Federal Labor frontbencher Mark Latham’s prognosis for the ALP (“It’s time for Labor to slay sacred cows and remake Australia”, on this page on Wednesday) is reminiscent of the daring new policy initiative called “Social Dynamics” outlined by British Prime Minister Philip Lazenby in Andrew Martin’s satirical novel Bilton. The precise details of “Social Dynamics” are vague, the main policy to come of it being a tax incentive scheme to encourage individuals and groups to engage in “socially useful” activities.
A socially useful activity, it is explained, is one that promotes “individual responsibility; a spirit of community; an increase in generative capacity or a reduction in public spending”. When an act fulfils these three criteria, it is deemed to be “Socially Dynamic”.
In spite of the obvious circularity of this explanation, the supporters of Social Dynamics insist it is “bold and radical”, transcending the traditional political categories of the left and the right. Its critics, however, claim Social Dynamics is vague and self-defeating: “Was it left wing or right wing?” ponders the book’s central character, Adrian Day. “Lazenby himself proudly announced, with the alienating gleam of the pioneering zealot, that it was ‘both, either or neither’.”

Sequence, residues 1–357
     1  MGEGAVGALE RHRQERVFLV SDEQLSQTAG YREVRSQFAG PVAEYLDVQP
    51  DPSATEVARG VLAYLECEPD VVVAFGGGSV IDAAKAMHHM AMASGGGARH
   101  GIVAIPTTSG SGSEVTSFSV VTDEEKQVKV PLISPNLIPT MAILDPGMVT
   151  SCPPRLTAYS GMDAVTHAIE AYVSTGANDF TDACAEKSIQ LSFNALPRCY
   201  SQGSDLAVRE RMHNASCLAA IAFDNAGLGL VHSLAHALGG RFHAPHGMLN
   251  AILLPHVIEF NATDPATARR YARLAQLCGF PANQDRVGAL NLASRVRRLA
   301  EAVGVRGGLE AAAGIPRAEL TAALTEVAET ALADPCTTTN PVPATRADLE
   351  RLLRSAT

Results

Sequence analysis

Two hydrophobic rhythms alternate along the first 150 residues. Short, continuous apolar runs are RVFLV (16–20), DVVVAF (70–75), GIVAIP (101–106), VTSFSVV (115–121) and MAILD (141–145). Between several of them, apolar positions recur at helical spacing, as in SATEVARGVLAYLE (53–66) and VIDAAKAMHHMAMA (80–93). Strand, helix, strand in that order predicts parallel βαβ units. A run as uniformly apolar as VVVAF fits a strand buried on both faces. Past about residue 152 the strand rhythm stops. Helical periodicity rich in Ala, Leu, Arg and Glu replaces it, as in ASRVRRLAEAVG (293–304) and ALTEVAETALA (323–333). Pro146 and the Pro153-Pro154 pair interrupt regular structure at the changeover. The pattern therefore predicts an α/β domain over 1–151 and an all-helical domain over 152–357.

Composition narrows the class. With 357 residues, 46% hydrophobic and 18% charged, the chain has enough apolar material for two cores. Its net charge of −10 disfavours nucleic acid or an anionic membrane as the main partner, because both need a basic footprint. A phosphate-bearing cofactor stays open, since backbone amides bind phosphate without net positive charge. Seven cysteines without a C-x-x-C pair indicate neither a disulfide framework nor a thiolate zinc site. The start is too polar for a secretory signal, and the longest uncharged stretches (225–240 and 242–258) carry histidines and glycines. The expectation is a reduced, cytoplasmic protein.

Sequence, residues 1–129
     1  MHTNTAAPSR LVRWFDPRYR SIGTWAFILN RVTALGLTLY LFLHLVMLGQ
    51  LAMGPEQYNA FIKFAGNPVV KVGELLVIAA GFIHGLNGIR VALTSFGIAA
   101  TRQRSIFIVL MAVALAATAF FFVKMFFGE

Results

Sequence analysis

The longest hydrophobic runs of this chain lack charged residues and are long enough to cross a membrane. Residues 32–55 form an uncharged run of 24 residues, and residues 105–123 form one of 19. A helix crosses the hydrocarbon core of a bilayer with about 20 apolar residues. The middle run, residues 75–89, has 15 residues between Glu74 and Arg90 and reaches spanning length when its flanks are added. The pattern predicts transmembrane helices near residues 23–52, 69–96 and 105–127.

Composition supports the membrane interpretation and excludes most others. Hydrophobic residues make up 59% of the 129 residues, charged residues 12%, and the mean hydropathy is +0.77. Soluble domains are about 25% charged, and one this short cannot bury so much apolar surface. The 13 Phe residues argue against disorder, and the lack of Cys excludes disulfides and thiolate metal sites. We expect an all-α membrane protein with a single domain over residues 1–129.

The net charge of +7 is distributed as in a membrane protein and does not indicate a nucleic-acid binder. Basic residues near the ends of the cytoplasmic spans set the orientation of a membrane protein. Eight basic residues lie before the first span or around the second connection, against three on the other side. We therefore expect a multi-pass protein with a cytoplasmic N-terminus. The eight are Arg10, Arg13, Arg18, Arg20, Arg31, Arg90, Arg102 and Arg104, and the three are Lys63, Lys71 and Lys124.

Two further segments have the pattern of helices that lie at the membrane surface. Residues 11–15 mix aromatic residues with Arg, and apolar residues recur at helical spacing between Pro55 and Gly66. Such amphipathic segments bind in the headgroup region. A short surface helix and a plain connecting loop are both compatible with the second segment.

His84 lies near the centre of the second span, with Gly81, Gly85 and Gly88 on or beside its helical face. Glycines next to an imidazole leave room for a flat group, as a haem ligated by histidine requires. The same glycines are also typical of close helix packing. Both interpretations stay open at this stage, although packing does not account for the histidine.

There is more than a hint of Social Dynamics in Mark Latham’s reform proposal for the ALP. On the surface it seems bold and radical, but scratch the surface and it’s a vague mishmash of ideas drawn mostly from pop-management textbooks. Beneath the smooth rhetoric, however, there is a significant shift in political values and ideals at work within Latham’s analysis.
Read the full article in The Age.